Prime Minister Chung Sye-kyun, left, and Deputy Prime Minister and Minister of Economy and Finance Hong Nam-ki enter a briefing room Monday to announce the government's anti-real estate speculation measures at the Seoul Government Complex. (Yonhap News)
The South Korean government announced a host of measures Monday aimed at eradicating real estate speculation.
The measure includes registering all public officials' assets, increasing the transfer income tax for land under short-term ownership, requiring the submission of funding procurement plans when acquiring land, and demanding the return of three to five times the aim of illicit earnings.
The measures read as a signal of strong commitment on the government's part. But some hurdles are anticipated before they can go into effect amid questions about the application of retroactive legislation and a number of legislative issues to resolve.
The government announced 20 individual measures in four categories: prevention, detection, punishment and confiscation.
As a prevention measure, it plans to increase the transfer income tax rate from 50% to 70% for land owned for less than one year and from 40% to 60% for land owned for less than two years. The government plans to amend enforcement decrees for the Income Tax Act and Corporate Tax Act to implement as of January 2022.
In the case of non-business purpose land, it plans to increase the extra transfer tax rate from 10 to 20 percentage points, while eliminating special deductions for long-term ownership (up to 30%).
Additional plans would require all public officials to register their assets. Government employees involved in real estate-related duties and public institution employees would be required to register assets with the Ministry of Personnel Management (MPM), while others would have to do with the organization they are affiliated with.
Some 230,000 public institution employees and Level 4 government employees and higher are currently registered with the MPM; that number is expected to rise to 300,000 going forward.
Deputy Prime Minister and Minister of Economy and Finance Hong Nam-ki said the requirement would "apply not just to the individuals themselves but also to direct ascendants and descendants."
"This year, we will be [focusing on] the real estate only, and we plan to [focus on] the financial information after the system has been set up," he added.
The government further plans to require the submission of a funding procurement plan for those acquiring land measuring 1,000 square meters or more in area or valued at 500 million won (US$440,833) or greater. The aim is to prevent transactions using the names of relatives.
In the area of household non-mortgage loans, it plans to establish loan-to-value regulations throughout the financial world while requiring banks and other financial institutions to notify a real estate transaction analysis organization – to be established in the future – when speculation is suspected in the case of a land-backed loan.
As a detection measure, the government included plans to quickly launch a real estate transaction analysis organization to monitor the real estate market on an ongoing basis. A 20- to 30-member "real estate transaction analysis planning team" is to be set up first in April, after which the Report of Real Estate Transactions Act is to be amended to establish the new organization.
The maximum reward for reporting real estate disruption activities is to be increased to 1 billion won (US$881,667) from its current 10 million won (US$8,816). In terms of punishment and confiscation measures, the plan includes stiffer criminal punishments for four categories of real estate market disruption activities: improper usage of undisclosed and inside information, market manipulation, false contract reporting, and illegal reselling and improper application activities.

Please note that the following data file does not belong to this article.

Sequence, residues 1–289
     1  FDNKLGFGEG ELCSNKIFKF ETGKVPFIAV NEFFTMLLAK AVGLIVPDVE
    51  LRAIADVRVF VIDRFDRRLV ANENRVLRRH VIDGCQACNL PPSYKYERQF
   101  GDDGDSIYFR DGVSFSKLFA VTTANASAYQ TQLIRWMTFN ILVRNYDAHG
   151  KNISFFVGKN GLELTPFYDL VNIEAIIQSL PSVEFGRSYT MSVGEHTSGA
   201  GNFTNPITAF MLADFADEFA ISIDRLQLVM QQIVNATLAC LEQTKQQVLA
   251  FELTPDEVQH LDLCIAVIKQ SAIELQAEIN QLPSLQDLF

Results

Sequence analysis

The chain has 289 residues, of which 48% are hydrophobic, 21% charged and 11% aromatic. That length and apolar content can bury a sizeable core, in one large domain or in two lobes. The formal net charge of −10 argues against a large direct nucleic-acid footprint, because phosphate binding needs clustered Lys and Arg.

Those judged to be involved in one of the four disruption activities would face penalties of up to five times the amount of illicit earnings and employment restrictions at related institutions. In cases involving illegal resale of lots, punishments would extend to intentional buyers, and application drawing opportunities would be taken away for 10 years.
Cases of farmland acquisition for speculation purposes would be handled in accordance with current Farmland Act regulations, with enforcement fines charged every year until the time of sale in cases of noncompliance.
"Government oversight of the land market has been lax in the past," said Jeong Jun-ho, a professor of real estate studies at Kangwon National University.
"The increased monitoring through the real estate transaction analysis organization in the cases of land-backed loans and the submission of funding procurement plans is late in coming, but it's necessary," he said.
Some observers raised questions about the feasibility of retroactive confiscation of illicit gains and detection of borrowed-name transactions despite the government's strong commitment.
"I'm not sure that it's legally possible to amend the current law to apply it to past misdeeds," said an employee in one economy-related government agency.
"They're talking about disclosing assets for all public officials, but it may be difficult to find [assets acquired] through acquaintances," the employee added.
In connection with this, Hong said, "Confiscation and collection are possible under current laws, including the Act on the Prevention of Corruption."
"We plan to amend the related laws and allow for the confiscation of illicit earnings to the extent that it does not conflict with the Constitution," he added.
"In the case of borrowed-name transactions, we plan to pursue concurrent investigations focusing on plots and land," he said.
By Lee Jeong-hun, staff reporter
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